The Species of The Humber Watershed Playground Labyrinth – Howard Junior Public School – Toronto

Recently, while exploring the photo sharing site Flickr, I stumbled upon a West Toronto labyrinth I never knew existed!

Having learned it was within biking distance, I cycled over on Thanksgiving Sunday for a visit and a walk.

It was exciting. Why?

Because here was a labyrinth I had not painted, yet had been here for years. Over time, people have shared their own sense of discovery, of stumbling upon, of surprise, experienced in their first encounters with one of my numerous labyrinths.

This thanksgiving weekend morning, it was my turn. To discover. To be surprised. To walk a labyrinth others had made. And to be appreciative.

Apparently this aqua themed labyrinth was created in May of 2008 to complement The Species of The Humber Watershed Mural which arches over the school’s playground entrance.

“The Species of The Humber Watershed

This mural was painted by students in Grade 5 with help from visiting artist Kathleen Vaughan and support from the Howard Arts Council

May 2008″

Both mural and labyrinth are wonderful additions to Howard Junior Public School’s playground in Roncesvalles Village, west end Toronto.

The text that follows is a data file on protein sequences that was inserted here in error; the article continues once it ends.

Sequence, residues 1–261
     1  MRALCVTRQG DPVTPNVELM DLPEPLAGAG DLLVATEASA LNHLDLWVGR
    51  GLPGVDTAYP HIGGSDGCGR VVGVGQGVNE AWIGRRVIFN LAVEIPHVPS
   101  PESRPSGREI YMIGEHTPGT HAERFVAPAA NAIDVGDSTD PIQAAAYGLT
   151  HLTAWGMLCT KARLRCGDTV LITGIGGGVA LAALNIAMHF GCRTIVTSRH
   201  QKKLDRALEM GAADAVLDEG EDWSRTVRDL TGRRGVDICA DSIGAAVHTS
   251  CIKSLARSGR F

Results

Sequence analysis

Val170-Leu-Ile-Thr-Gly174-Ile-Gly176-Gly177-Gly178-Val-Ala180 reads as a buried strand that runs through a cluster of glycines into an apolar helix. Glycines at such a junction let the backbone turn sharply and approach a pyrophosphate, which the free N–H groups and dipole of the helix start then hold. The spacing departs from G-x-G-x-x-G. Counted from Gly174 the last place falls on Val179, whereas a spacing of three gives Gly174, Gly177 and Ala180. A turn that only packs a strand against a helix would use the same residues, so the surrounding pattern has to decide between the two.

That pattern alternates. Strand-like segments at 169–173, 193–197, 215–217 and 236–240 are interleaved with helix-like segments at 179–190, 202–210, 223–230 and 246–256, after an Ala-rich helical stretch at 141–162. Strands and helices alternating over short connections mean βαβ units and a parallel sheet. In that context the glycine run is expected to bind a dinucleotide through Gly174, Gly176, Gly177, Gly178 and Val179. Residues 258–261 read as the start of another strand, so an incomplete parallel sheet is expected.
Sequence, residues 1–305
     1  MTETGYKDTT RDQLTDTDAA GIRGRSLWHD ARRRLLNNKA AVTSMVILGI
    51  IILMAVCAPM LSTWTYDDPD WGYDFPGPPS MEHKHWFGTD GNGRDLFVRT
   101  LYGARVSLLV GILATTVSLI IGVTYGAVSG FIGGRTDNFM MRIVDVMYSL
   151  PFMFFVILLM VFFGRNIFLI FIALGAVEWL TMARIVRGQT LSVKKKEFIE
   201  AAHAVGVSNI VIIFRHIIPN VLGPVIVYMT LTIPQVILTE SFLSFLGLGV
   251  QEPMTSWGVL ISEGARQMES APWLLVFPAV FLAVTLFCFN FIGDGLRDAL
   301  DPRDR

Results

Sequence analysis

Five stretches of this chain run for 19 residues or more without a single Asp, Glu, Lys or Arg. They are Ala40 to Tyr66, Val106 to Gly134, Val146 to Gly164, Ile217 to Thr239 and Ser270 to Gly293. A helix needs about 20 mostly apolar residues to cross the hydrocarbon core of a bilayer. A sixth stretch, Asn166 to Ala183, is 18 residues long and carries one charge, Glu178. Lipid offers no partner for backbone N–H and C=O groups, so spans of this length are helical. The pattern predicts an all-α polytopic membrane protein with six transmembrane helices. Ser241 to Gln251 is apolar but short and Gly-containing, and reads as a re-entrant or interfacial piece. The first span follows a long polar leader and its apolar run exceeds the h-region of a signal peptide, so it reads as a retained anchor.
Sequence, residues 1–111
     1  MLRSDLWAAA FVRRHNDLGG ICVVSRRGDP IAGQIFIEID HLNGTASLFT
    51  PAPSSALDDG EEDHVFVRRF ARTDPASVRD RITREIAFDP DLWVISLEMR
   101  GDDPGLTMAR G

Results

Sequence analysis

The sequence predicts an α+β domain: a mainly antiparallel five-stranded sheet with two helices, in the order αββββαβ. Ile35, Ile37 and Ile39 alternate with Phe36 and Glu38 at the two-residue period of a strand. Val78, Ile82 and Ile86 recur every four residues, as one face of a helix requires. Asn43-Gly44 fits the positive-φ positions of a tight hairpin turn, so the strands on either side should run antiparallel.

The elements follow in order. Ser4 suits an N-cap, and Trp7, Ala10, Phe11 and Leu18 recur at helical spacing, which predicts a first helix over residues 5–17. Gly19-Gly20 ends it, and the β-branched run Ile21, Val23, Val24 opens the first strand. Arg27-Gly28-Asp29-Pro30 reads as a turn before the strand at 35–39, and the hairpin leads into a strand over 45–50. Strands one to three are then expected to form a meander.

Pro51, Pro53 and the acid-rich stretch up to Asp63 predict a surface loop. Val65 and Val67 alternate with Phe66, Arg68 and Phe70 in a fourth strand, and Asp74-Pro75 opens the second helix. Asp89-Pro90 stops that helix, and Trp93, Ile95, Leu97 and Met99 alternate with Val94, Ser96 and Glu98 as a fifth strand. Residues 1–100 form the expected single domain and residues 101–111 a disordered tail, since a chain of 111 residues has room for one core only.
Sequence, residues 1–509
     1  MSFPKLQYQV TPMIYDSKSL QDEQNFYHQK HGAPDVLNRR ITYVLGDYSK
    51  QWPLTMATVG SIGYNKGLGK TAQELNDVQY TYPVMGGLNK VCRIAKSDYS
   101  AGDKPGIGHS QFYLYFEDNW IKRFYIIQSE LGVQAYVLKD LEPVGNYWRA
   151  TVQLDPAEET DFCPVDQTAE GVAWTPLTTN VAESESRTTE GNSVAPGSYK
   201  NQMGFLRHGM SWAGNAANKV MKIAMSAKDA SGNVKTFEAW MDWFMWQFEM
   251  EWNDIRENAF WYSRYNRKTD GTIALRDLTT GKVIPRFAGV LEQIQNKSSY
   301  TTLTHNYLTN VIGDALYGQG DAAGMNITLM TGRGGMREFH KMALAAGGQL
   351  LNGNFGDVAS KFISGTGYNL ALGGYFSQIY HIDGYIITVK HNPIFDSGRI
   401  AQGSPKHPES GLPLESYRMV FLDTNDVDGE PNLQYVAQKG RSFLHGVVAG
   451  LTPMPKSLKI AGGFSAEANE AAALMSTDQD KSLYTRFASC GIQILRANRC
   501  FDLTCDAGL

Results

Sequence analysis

Time well spent and worth a future visit.

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  • Human Calendar

  • Land Acknowledgements

    Traditional: recognizes lands traditionally used and/or occupied by the People or First Nations in parts of the country.

    Ancestral: recognizes land that is handed down from generation to generation.

    Unceded: refers to land that was not turned over to the Crown (government) by a treaty or other agreement.

  • Tsí Tkaròn:to

  • Vancouver

    Labyrinths are made on the traditional, ancestral and unceded territory of the Coast Salish peoples –

    Sḵwx̱wú7mesh (Squamish),

    Stó:lō and

    Səl̓ílwətaʔ/Selilwitulh (Tsleil-Waututh)

    and xʷməθkʷəy̓əm (Musqueam) Nations.

    Labyrinths are made in traditional, ancestral and unceded territory of

    the Kwantlen,

    the Katzie,

    the Semiahmoo

    and Tsawwassen First Nations.